Fish

Highlights and images of main proceedings for 18 March 2022

UN Headquarters, New York

Conservation and sustainable use of marine biological diversity beyond areas of national jurisdiction – BBNJ

The fourth meeting of the intergovernmental conference (IGC-4) on an international legally binding instrument under the United Nations Convention on the Law of the Sea on the conservation and sustainable use of marine biological diversity of areas beyond national jurisdiction (BBNJ) concluded its deliberations on Friday, 18 March 2022. Shifting from the intense negotiations over the last nine days, the focus of the day was the way forward for the process. IGC President Rena Lee reminded delegations that “we need to think practically about what we need to do to bring different components of the agreement together, including by going through an iterative process to find the common threads.”

IGC President Lee outlined next steps, including, inter alia:

  • written submissions by states and observers of additional proposals by the end of March 2022;
  • circulation of an advanced revised draft text of an agreement, incorporating IGC-4 discussions and submissions by early May 2022; and
  • convening IGC-5 in August 2022.

In their responses to IGC President Lee’s proposed way forward, delegates discussed the modalities for IGC-5, with some calling for fully-serviced parallel sessions to ensure all the draft articles are discussed within the ten-day period. Several developing country groups and delegations spoke about the constraints of attending parallel sessions and called for increased support from the trust fund to enable inclusiveness and participation. Many delegations called for intersessional work, noting the importance of both maintaining the momentum of this session and preparing for IGC-5.

IGC President Rena Lee, Singapore

IGC President Rena Lee, Singapore

During the closing session in open plenary, delegates adopted an amended report of the conference, reflecting that an additional meeting of the conference was required as soon as possible to make progress, and the President had been requested to prepare a revised text with a view to facilitating the prompt finalization of the work of the Conference. IGC President Lee thanked delegations, the Secretariat, and her team for their work to make progress at this meeting, lauding delegates for their flexibility to reach consensus. She drew attention to the work ahead to revise the draft text ahead of IGC-5, noting also the need for delegates to work cooperatively on submissions in order to reach consensus, gaveling the meeting to a close at 6:36 pm.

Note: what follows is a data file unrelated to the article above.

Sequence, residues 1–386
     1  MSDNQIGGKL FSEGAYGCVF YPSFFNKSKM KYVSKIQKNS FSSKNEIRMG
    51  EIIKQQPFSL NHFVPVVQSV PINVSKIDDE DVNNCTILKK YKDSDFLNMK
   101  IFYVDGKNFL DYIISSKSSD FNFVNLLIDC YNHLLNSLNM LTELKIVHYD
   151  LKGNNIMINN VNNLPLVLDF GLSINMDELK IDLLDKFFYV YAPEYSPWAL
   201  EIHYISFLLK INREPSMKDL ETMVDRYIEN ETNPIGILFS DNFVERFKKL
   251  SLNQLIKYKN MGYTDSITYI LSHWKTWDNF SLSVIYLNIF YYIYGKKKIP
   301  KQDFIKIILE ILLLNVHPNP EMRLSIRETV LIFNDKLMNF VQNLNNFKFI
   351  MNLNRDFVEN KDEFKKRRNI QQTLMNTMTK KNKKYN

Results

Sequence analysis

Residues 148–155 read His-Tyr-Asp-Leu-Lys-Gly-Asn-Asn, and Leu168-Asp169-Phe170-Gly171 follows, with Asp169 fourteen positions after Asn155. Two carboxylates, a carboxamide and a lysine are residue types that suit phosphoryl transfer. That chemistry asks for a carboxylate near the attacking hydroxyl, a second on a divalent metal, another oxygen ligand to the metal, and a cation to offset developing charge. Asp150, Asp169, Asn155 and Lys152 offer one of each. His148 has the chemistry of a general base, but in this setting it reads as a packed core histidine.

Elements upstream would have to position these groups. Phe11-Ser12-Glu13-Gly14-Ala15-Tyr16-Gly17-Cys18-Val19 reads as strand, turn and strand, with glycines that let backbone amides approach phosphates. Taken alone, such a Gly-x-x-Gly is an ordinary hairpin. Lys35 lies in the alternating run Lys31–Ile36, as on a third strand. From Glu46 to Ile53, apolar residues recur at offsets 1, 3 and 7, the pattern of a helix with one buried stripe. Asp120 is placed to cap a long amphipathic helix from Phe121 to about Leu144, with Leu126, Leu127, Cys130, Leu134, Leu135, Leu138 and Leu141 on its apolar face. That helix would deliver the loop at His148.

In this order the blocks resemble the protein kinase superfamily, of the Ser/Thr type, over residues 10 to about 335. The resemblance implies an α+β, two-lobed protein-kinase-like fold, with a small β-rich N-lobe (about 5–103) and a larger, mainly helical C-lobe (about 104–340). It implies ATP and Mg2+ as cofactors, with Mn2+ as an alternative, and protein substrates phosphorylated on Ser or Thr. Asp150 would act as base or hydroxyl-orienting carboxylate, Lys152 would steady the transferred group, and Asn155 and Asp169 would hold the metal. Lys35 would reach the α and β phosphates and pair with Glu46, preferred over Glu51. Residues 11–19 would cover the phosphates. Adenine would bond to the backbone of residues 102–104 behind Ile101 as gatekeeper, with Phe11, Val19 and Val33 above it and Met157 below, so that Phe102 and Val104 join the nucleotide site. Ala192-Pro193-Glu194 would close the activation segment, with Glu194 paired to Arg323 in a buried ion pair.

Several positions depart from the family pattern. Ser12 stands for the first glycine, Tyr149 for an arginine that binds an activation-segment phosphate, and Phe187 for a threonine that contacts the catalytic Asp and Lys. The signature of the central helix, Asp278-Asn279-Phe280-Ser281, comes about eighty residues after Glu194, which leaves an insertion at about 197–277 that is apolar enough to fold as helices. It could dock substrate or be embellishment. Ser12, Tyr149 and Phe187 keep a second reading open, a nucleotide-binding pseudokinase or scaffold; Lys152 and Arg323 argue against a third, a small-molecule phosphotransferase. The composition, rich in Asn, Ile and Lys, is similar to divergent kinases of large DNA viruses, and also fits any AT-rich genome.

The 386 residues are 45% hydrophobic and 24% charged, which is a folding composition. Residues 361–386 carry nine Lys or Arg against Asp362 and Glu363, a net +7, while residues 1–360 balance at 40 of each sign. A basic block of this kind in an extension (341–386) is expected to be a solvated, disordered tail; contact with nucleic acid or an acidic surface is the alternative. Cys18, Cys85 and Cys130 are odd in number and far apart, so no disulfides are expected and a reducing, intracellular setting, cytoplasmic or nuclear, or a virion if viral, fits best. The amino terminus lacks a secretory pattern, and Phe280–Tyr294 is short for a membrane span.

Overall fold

But much is still needed to be done on all the elements of the 2011 package, as well as cross cutting issues and overarching principles. As delegates left the conference on what was supposed to be their last meeting, they were hopeful. Coming back from an unplanned two-year hiatus due to the COVID-19 pandemic, this meeting had renewed their commitment to their common vision. In their closing remarks, all delegations thanked IGC President Lee for her efforts to bring the conference together in unprecedented times, and her work to include observers. Many expressed hope that IGC-5 will bring to birth the much-awaited treaty to conserve and sustainably use biodiversity of areas beyond national jurisdiction.

On the margins of the negotiating process, CEOs and Leaders in global conservation made a call to world leaders to conclude an ambitious, equitable and robust new High Seas Treaty in 2022. In an open letter to world leaders signed by 19 organization heads, they underlined that the world cannot reach the widely supported goal of protecting at least 30% of the ocean without a strong and future-proof High Seas Treaty that challenges the status quo and lifts the capacity of all states and stakeholders. They urged heads of state and government to seize this once-in-a-generation opportunity to secure the health and resilience of the global ocean, and to maintain the high ambition needed to conserve the largest and most threatened part of the ocean for present and future generations. More.

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